...In 1495 Jan Van Eyck became the first Flanders painter to receive international fame. He was the court painter of Philip the Good, Duke of Burgundy. Jan Van Eyck completed “The Ghent”, one of the largest retable’s of the 15th century. His brother Hubert Van Eyck originally began work on it. Phillip the Good and his wife, Isabel Borlout commissioned this retable as a centerfold that diplomat retainer Jodocous Vyd built. It was dedicated to John the Baptist. Judicious Vyd political and social connections to the Ghent aided in him being appointed chief magistrate of Ghent. The altarpiece in its entirety expresses the Christian principal of salvation. In the oil painting of “Arnolfini and His Bride” Jan Van Eyck depicts a secular painting with religious undertones. The purpose of this painting was to record an sanctify Arnolfini‘s marriage. This retable included gold manuscript. Some scholars believe he was bestowing on his wife permission to conduct business matters in his absence .Rogier Van er Weyden became renowned for his biblical inspired paintings that stressed human action and drama. When Weyden was commissioned by the archer’s guild of Louvain for the church of Notre Dame he created “The Deposition” a center panel of a triptych. The painting resembles a relief carving and depicts Jesus after the crucifixion surrounded by key biblical figures. This oil on wood painting evokes strong emotion in the viewer and regarded as one of the most authentic religious paintings of the...

Words: 1264 - Pages: 6

Free Essay

Kubla Khan

...Introduction Although Samuel Taylor Coleridge is one of the major literary figures of the Romantic movement in England, as a poet his reputation stands on primarily just three works, " The Rime of the Ancient Mariner," "," and "Kubla Khan." All three were written between 1797 and 1800; however, was not published until 1816. At that time, Coleridge subtitled it "A Vision in a Dream: A Fragment," and added a prefatory note explaining the unusual origin of the poem. This preface describes how Coleridge, after taking some opium as medication, grew drowsy while reading a passage about the court of Kubla Khan in Samuel Purchas's , a seventeenth-century travel book recounting the adventures of early explorers. Soon he fell into a deep sleep which lasted about three hours. During this period, he composed from 200 to 300 lines of poetry based on the vivid images in his dream. When he woke, he remembered the entire poem and immediately began to write it down. Unfortunately, however, a visitor interrupted him, distracting him for about an hour. When Coleridge returned to his writing, the vivid images had fled, leaving him with only vague recollections and the fifty-four lines of this poetic fragment. Many critics challenge the truthfulness of Coleridge's version of this story, feeling that the poem is complete as it stands and much too carefully crafted to be solely the result of a dream. However, whether whole or fragment, dream or not, the poem examines issues of vital importance......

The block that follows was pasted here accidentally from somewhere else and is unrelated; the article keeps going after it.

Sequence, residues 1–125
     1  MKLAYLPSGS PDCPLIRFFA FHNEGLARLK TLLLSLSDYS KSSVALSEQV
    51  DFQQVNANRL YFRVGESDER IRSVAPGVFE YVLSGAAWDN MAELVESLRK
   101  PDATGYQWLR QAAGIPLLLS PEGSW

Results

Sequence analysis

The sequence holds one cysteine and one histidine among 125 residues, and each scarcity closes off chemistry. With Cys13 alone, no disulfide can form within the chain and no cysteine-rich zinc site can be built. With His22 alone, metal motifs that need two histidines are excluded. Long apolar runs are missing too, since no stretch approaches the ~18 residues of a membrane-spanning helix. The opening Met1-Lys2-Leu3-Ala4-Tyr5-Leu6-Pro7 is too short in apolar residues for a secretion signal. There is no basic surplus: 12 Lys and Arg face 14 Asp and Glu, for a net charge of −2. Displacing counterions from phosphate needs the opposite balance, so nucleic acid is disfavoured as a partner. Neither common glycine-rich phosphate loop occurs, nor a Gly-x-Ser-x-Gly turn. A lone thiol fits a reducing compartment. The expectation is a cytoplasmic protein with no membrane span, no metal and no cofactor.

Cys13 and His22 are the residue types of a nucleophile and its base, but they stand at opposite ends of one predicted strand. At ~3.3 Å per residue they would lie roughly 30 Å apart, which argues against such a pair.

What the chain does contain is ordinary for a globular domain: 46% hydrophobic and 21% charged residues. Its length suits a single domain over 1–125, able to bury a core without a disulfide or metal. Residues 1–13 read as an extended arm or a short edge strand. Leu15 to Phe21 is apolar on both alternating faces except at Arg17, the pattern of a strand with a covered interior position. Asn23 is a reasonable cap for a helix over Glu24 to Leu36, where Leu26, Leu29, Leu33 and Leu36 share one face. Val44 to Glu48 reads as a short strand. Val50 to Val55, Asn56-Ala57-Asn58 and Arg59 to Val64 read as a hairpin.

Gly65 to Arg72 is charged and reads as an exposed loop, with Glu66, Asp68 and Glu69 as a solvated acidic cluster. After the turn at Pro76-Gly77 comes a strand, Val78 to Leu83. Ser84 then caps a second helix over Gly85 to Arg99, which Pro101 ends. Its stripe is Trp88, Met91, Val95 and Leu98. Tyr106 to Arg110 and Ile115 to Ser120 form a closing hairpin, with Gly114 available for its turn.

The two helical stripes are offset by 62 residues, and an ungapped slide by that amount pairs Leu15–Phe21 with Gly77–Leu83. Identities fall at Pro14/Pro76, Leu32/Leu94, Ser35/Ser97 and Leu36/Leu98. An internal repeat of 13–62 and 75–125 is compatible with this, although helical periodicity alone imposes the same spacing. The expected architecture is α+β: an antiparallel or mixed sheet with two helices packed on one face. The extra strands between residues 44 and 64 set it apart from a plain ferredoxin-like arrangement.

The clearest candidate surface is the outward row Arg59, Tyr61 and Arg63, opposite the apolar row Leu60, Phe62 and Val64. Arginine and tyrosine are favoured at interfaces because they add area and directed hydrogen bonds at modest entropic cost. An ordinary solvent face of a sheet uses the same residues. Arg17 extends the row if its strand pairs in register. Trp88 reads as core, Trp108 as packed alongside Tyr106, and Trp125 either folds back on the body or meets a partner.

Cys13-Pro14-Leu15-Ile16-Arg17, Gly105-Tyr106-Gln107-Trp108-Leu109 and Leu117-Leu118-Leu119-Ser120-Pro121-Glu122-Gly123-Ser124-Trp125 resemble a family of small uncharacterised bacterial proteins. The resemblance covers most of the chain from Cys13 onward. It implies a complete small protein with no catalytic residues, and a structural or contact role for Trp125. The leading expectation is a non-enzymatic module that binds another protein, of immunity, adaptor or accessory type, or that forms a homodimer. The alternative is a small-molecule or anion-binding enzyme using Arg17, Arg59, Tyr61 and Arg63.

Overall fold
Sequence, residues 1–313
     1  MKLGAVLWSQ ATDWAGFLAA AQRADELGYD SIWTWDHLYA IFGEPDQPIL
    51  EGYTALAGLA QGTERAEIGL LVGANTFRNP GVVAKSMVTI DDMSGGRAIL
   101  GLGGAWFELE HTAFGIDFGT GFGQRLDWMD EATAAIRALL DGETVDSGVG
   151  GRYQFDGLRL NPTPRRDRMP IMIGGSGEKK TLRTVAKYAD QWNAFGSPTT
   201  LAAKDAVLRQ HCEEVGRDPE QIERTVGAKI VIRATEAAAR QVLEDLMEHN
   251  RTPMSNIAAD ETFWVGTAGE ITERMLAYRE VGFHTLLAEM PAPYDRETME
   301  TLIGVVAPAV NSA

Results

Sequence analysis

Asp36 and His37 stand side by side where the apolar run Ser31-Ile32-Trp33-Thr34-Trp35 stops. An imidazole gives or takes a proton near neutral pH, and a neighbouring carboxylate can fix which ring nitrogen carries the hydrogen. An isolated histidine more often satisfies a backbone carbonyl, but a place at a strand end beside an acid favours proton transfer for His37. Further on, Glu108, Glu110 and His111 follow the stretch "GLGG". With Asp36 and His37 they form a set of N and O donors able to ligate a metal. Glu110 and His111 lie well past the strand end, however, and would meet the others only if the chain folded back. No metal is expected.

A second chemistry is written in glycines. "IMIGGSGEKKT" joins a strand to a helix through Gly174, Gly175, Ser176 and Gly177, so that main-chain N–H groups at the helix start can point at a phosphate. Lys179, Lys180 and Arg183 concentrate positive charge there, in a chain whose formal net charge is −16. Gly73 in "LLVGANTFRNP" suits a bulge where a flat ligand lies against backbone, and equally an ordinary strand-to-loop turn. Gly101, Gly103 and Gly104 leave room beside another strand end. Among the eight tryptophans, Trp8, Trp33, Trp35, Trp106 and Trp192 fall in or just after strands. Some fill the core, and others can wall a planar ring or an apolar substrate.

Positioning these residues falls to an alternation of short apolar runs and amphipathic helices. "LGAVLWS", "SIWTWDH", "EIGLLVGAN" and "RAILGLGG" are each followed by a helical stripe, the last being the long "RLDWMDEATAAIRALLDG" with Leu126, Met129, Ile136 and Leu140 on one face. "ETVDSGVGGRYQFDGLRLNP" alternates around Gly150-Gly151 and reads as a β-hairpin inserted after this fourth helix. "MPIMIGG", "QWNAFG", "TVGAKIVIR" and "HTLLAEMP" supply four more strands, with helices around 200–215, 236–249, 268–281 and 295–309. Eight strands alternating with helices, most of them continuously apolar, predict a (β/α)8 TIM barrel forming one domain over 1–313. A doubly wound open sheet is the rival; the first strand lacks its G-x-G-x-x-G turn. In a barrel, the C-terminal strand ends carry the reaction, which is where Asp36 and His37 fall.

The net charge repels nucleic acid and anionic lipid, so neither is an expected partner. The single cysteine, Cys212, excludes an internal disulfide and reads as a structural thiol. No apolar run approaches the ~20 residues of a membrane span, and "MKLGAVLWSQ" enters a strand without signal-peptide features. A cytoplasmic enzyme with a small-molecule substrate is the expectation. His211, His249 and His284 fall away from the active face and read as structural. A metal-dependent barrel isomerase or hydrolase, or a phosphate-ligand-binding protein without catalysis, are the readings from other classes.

Words: 2140 - Pages: 9

Premium Essay

Space for Love: Nature's Domain

...comparing quotes from the bible’s Song of Songs and Paul Monette’s Gardenias to show how nature has always been an important part of places for love. Starting with Song of Songs, it is said to have been written by King Solomon himself but it is also believed to be a compilation of Arabic wasfs that were translated into Hebrew. It was first published in English in 1611 in the King James Version of the Bible. The idea of love being heterosexual is represented very clearly and the concept of nature plays a huge part in this love story. There are so many references to fruits and plants and a clear distinction of man and woman. “As the apple tree among the trees of the wood, so is my beloved among the sons. I sat down under his shadow with great delight, and his fruit was sweet to my taste.” (Song of Sol. 2:3) In this quote the woman is comparing her place under her beloved with sitting under an apple tree. She’s connecting her feelings she has being with her love to the joy of being under an...

Words: 1374 - Pages: 6

Premium Essay

Summary Of Wayne Grudem's Business For The Glory Of God to others is a way to glorify God in the fact that it benefits other human beings in ways that they are unable to produce or do something themselves. Before the first sin and the fall of creation God had intended for man to work in the garden of Eden (Genesis 2:15). For many people the word work or service carries a negative connotation, because it involves completing an undesirable task or exerting gratuitous energy. God’s intention for work is just the opposite of that negative connotation. In fact, as the author of Ecclesiastes puts it in 3:13, “…also that everyone should eat and drink and take pleasure in all his toil- this is God’s gift to man.” Not only did God intend work or providing services to be a good thing for humans to do, but He also created it as a gift for us to glorify Him and care for others. As Grudem says in his book, Business for the Glory of God, God created work and services as a way of imitating Him in creativity and wisdom. The need for the services of others is supported by Ecclesiastes 4: 9. Two are better than one, because they are able to accomplish more by providing services for one another, which the other is unable to complete. Services are a way to glorify God and they are something to take delight in doing, because they glorify the creator. While I do disagree with Grudem that God created humans with a need for material things, I do agree that humans were created with the need for services of other people and to complete services......

Words: 1574 - Pages: 7

Premium Essay

Italian and Northern European Renaissance